I can not find it in me to provide a reasoned, nuanced post about this. I obviously don't have any sympathy for the LGF comments crowd. I also like Anil's weblog and keep going back there. But in the larger debate, when you get beyond things like LGF's target audience, I feel alienated by the stridency and fundamentalism of both the left and right. I found Nick Denton's post on the subject dignified. But I dont think there is any political umbrella anymore for people like me.

Instead I give you this poem. It says what I believe in:

"Where the mind is without fear and the head is held high
Where knowledge is free
Where the world has not been broken up into fragments
By narrow domestic walls
Where words come out from the depth of truth
Where tireless striving stretches its arms towards perfection
Where the clear stream of reason has not lost its way
Into the dreary desert sand of dead habit
Where the mind is led forward by thee
Into ever-widening thought and action
Into that heaven of freedom, my Father, let my country awake"

October 15, 2002

Weblogging ethics

Mitch Ratcliffe made a very good point about recent ethical lapses in blogging and it was good to see Doc Searls making amends.

For what it is worth, I do think that many professional journalists also have strong conflicts of interest. Ratclife kinda blurred that. But what for me differentiated blogging was that the majority of bloggers with a large following seemed to have a strong sense of integrity.

Update: In this context, I really liked Mark Pilgrim's post and Dorothea Salo's post that he referred to in his.

September 25, 2002

Stayed on my mind

Stayed on my mind:

"When I turn 55 or 60 my children will be grown and I will give up on technology as a pursuit and write only stories and poems, and I will give the time when I am not writing stories and poems to my wife, who will be my first and only wife, thanks, and who will probably have had enough of me by that point - so I'll give the rest of my time to helping poor people however they need."

Paul Ford in ftrain

"how much of your life is actually private when you start maintaing an online Journal and start writing about your day to day events. ?.....I have decided to hang up my gloves. Retire. Stop blogging, atleast for a while now. And before I did that, I wanted to tell you why I am doing it, and also open your eyes to the ramifications of what you might yourself be playfully indulging in."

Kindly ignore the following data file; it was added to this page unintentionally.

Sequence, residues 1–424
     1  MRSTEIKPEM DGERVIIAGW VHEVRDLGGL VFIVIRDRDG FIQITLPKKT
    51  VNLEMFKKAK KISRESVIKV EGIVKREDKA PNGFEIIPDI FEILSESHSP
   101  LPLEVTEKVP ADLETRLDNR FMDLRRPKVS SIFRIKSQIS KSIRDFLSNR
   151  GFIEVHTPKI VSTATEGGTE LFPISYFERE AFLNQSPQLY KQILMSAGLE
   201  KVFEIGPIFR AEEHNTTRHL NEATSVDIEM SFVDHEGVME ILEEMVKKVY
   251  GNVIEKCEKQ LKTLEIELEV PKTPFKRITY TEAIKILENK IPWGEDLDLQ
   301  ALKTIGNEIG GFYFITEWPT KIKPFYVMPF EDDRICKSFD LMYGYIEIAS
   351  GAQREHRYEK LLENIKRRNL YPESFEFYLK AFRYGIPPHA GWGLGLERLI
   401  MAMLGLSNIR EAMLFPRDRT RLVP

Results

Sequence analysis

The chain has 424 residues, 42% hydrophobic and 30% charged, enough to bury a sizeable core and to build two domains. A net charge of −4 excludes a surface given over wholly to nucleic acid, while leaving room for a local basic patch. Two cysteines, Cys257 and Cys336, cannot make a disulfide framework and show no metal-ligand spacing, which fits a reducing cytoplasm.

Theshiva in Immigrant song

".. You'll probably grant that multiculturalism is to some extent a shorthand for the peaceful coexistence of people of different *races* rather than different cultures. A more accurate name would be "multiracialism". ....multiculturalism is predicated on the idea that different races can coexist and communicate, and a prerequisite for cross cultural/racial communication is an acknowledgement that differences exist and can be inquired about..."

"Godlesscapitalist" in a comment on Anil's site

June 25, 2002

Indian webloggers

I wanted to take a moment here to thank Anita and Sathish. Anita's creation of the Indian blogger ring is probably the first and only organized work in this area. Before that I did not even know that there are so many Indian bloggers out there. This morning I was pleasantly surprised to discover a list of Indian bloggers that she has put up. It is a great resource. I wish there was some way of categorizing the weblogs by subject. But no one has as yet figured out how to effectively categorize weblogs. (There was an interesting discussion on Blogroots on this subject sometime back). Most of the cool Indian blogs that I know of, I have discovered through Sathish's links. This morning it took me to Kishore Balakrishnan's weblog. It looks quite interesting.

June 8, 2002

Interesting weblogs


Sajit Gandhi's weblog. It tackles some of the more intractable issues plagueing south Asia. His analysis of mainstream media's coverage of South Asia is incisive, scathing and well written (via Random Thoughts).

The news, uncensored: A commentary of Israelis killed in the Israel/Palestine conflict. Partisan, informative and scary. You feel terrible reading this chronology of death.

xmlhack: I have been looking for an XML resource which will clue me in on all that is happening in that space. With my current level of XML literacy, trying to read it hurts my brain. But I think I am getting up to speed. (The Language of Semantic Web by Uche Ogbuji provides very good reasons for getting to know more about XML)

This absolutely hilarious e-mail exchange that one lady had with one Nigerian scammer.

June 4, 2002

Navel gazing